Saturday, January 17, 2015

Secularism continued

Excellent article by Nick Cohen in The Guardian to support my previous post. The following sums it up nicely:

Do I need to remind you that insulting the gods, the pope or the synagogue were the charges the faithful levelled against Socrates, Galileo and Spinoza? Or that insulting religion is everywhere the favourite charge of fanatics?

Sadly, what is happening at the moment makes me wonder whether we haven't been overestimating the extent to which the mentality of the West has actually been shaped by spirit of these (and other) thinkers. The whole debate post-Charlie Hebdo has confirmed a nagging hunch of mine, namely that the secularisation of the West has never been as complete and all-encompassing as some of us seem to have believed. Most people have not understood what secularism means or fully embraced the values that this term denotes, or abandoned latent beliefs in the Christian roots of our ways of thinking, morality and sense of justice. How many of my friends and colleagues whom I had thought to be intelligent rationalists have puzzled me with abrupt und unmotivated references to the Sermon on the Mount as the dominant precept of Western Thought (well, the "liberal" Pontifex's recent endorsement of the principle of honour and lex talionis should have vaporised that fallacy) or even described the Ten Commandments as the basis of our justice system.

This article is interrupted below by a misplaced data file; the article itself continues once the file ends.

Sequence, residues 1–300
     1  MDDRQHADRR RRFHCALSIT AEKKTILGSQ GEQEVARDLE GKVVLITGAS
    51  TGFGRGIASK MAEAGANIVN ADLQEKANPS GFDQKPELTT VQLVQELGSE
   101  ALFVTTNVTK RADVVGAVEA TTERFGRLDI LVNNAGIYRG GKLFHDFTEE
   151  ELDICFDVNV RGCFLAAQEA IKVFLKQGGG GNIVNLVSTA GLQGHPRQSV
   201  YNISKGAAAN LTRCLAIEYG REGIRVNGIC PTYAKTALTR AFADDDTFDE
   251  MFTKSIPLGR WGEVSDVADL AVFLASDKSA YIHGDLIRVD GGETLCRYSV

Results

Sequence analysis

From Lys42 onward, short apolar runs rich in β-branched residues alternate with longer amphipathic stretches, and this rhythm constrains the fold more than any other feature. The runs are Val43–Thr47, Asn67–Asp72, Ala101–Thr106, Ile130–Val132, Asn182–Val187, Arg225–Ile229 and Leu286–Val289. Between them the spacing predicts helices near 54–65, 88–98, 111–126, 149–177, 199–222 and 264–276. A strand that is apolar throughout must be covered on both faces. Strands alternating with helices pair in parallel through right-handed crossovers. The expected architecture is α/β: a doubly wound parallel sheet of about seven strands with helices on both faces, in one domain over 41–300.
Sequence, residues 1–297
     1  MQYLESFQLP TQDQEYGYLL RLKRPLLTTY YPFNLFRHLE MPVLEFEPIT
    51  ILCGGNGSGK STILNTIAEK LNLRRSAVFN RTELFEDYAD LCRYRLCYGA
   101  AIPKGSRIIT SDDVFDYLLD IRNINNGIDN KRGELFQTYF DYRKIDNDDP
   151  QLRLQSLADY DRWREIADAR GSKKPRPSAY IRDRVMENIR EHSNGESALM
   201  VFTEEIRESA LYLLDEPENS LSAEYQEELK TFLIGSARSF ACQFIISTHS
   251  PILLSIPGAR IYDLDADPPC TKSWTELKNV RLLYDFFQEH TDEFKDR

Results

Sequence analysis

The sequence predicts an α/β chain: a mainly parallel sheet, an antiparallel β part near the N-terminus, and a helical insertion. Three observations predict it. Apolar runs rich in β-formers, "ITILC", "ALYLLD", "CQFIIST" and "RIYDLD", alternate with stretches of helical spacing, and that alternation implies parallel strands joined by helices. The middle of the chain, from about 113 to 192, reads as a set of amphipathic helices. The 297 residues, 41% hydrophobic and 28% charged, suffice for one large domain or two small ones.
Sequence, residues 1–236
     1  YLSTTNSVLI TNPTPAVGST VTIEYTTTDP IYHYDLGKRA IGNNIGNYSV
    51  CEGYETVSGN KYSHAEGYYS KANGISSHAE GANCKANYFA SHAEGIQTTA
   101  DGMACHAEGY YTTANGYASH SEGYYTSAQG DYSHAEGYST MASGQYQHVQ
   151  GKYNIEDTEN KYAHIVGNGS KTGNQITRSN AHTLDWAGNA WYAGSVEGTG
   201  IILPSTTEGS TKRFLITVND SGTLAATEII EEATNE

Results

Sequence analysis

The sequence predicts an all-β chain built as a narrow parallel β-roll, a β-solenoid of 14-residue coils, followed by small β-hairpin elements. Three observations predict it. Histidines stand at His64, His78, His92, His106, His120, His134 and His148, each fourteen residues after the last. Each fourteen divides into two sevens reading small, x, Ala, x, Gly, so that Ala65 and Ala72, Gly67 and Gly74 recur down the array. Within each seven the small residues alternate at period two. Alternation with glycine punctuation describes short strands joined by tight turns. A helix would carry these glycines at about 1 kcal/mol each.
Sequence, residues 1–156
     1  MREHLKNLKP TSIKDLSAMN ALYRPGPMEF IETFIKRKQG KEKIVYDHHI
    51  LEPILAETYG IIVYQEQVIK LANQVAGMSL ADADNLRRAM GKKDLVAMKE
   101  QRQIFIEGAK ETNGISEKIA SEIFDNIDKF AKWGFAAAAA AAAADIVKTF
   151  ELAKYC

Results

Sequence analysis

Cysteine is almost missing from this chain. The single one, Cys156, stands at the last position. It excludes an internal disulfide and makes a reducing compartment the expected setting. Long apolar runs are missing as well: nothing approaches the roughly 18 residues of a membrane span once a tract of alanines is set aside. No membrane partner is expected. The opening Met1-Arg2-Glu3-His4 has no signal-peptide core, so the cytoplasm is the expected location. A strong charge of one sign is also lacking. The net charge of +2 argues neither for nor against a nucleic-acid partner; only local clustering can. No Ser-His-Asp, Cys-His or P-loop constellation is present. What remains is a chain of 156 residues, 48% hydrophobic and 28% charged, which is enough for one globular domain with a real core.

This means, in turn, that these are not "post-secular times", nor that religion is "returning". At this very moment I'm actually wondering whether we might not still be in a pre-secular stage of history and that this is a crucial moment for us to prove that we want to - and are able to - live in world that is as free as possible from ignorance, prejudice and fanaticism as it can be.

Thursday, January 15, 2015


Thank you, Pope Francis: This settles the matter, then, whether Islamist terror is a religious issue. Because - as you have made so perfectly clear with your tasteless intervention - it is (though it has to be emphasised, of course, that all religious orthodoxies have committed heinous crimes).

And while we're at it, Angela Merkel: Papa's candor puts paid to the claim, reiterated ad nauseam all over the place, that "our" values are Christian. No: Our values are the values of secular reason. They are what must be defended.

UPDATE: And here another reason why free speech must be defended at all cost.